A reader writes in asking for guidance in how to raise children in a situation where one of the parents is in active addiction. Amanda Lee introduces the reader to the concept that alcoholism does not only affect the alcoholic, but is actually a family disease and touches all of those in its vicinity.

Dear Amma-Lee,
I am mom to a 14 year old, who — on her birthday 7 weeks ago — conspired with her actively consuming functional alcoholic dad and did not return after a typical weekend visit and announced she wanted to live with him.  The decision and timing was undoubtedly choreographed by her Dad, and being her rebellious teen self, she jumped in and agreed to change schools (from an excellent program to a lesser school in her Dad’s neighborhood) as well.  Now she is regretting her decision and wants to return to live with me.  She has been reaching out to me so much and finally said, “I hate it here.  I want to move back home. But if I do, daddy will literally kill himself.”  She was crying. What can I do to support her?

Concerned Mom

arguing parents fighting parents

Dear Concerned Mom,

Thank you for your courage to share your situation and reach out. It can be terribly challenging to know how to support children amidst the turmoil of an alcoholic family member in active addiction. As parents we can fall easily into the trap of wanting to solve situations our children have created for themselves. When facing a dynamic wherein one of the main factors is an alcoholic; the focus first needs to be on where you are in your sense of centeredness and well-being.

Alcoholism is a family disease. When we live with the disease of alcoholism it grown tentacles and attaches to everything around it. People who are close to the alcoholic begin to change their behavior. Sometimes placating the alcoholic to manipulate them into doing what we want, other times trying to intimidate or shame the alcoholic into managing their disease. At the end of the day whether you try to Manage, Martyr, Manipulate or Mother the alcoholic there is NO WAY you can control the disease of alcoholism. Unfortunately, when we have become sick, ourselves, from all of the efforts needed to live with active addiction it is very difficult to stop our own behavior.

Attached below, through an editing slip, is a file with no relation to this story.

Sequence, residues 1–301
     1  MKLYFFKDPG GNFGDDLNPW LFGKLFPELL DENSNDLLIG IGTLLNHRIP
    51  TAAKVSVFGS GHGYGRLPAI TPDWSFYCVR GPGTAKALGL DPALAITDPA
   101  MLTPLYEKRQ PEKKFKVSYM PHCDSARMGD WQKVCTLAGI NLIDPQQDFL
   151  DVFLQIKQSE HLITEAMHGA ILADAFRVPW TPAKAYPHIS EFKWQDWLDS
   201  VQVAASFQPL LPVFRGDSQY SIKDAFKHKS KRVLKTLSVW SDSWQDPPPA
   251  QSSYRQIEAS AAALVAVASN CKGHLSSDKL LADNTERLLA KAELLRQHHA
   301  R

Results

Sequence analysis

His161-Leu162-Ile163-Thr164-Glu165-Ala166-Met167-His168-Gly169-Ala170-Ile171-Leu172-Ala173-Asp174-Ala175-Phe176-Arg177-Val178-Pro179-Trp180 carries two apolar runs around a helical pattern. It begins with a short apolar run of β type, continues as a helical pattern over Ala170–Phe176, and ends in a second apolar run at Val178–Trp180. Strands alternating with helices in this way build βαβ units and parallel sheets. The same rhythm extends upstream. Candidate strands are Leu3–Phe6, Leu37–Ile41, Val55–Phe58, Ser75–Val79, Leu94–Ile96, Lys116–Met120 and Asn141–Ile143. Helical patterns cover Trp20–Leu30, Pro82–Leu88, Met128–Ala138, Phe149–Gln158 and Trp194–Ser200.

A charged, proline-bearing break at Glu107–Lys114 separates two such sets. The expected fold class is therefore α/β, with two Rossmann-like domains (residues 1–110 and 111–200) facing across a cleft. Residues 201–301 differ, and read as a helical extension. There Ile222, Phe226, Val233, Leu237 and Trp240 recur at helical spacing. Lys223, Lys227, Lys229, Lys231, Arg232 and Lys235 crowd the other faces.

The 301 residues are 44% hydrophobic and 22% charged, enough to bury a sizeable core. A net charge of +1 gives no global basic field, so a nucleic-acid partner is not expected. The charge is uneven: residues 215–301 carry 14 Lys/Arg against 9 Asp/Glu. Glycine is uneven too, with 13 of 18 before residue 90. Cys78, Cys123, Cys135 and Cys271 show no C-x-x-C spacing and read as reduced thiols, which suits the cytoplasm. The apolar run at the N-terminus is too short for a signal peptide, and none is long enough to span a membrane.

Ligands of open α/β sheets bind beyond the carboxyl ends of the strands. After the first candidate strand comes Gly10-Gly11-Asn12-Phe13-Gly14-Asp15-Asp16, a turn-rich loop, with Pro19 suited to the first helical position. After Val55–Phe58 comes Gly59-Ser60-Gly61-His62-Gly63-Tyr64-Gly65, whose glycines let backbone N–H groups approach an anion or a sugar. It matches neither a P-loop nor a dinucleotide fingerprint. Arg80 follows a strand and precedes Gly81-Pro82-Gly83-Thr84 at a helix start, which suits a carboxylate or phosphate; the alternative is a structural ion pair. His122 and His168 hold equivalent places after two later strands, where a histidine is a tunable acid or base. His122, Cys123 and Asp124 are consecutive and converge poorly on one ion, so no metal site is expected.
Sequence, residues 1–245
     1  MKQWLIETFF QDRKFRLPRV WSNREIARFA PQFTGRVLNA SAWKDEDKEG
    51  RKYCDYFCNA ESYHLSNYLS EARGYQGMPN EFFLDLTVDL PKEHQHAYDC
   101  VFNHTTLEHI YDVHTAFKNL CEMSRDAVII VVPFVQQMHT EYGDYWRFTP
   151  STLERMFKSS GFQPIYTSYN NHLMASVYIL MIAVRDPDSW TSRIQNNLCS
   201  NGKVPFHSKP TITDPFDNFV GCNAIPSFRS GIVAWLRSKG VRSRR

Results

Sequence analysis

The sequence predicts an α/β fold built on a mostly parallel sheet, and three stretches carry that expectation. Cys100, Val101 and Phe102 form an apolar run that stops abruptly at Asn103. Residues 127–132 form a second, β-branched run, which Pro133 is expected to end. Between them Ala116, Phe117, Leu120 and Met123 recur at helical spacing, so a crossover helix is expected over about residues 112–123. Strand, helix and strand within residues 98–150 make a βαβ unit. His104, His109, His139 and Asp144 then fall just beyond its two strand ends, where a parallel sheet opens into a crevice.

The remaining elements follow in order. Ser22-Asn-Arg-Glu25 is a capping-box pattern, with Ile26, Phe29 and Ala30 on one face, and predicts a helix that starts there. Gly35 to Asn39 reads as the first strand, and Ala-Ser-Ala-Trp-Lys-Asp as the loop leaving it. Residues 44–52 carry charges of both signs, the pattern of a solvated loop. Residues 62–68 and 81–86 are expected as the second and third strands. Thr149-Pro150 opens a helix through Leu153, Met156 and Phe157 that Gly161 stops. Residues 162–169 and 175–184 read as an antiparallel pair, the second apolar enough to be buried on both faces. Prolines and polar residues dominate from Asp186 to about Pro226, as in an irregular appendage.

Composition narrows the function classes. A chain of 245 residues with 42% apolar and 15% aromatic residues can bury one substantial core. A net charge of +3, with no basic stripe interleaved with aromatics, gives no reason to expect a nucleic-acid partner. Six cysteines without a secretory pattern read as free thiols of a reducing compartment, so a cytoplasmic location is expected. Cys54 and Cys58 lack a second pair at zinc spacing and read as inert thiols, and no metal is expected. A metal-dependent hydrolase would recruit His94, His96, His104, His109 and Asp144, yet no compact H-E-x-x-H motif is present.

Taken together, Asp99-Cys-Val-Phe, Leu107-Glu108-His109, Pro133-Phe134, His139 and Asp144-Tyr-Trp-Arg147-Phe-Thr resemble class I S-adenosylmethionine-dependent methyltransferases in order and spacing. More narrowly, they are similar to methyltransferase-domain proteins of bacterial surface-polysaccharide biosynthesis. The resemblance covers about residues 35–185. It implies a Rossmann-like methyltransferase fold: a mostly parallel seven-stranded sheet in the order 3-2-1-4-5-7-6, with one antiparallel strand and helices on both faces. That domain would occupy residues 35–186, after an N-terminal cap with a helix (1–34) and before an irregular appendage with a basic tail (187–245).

You can’t help others until you help yourself. How often have you heard that said? What exactly does it mean as it relates to alcoholism? It means first to ensure that you are safe, of course. From your story it sounds to me that you are no longer living with your daughter’s father. However, is your daughter safe?

Going to the recovery fellowship for families and friends of alcoholics, called Alanon, has been a great resource and source of strength for many people. There comes a time when we’re confronted with the realization that things have become so unmanageable that only something outside of ourselves can relieve us of the disease of alcoholism. I believe this means depending upon the experience, strength and hope of others who have been through similar situations and have seen their lives transformed through living a life based on a plan for living that really works.

The best way I can support my children affected by the disease of alcoholism is to first tackle how this disease has affected me. Through working a solid program of recovery and shifting the focus onto your own well-being there are ripples created, which then inspire others to perhaps do the same. There is a wonderful recovery fellowship for teens whose family members are alcoholics or addicts called Alateen, where your daughter can explore options for her own recovery.

Sometimes being present and “holding the basket” for another person is the most powerful service we can provide; truly listening without judgement or advice giving. You do not have to personally change a situation for another person for it to become better. We must each walk our pathway of growth, no one can do it for us.

May your journey and that of your daughter be one of healing and serenity.

Warmth and light,


© Amanda Lee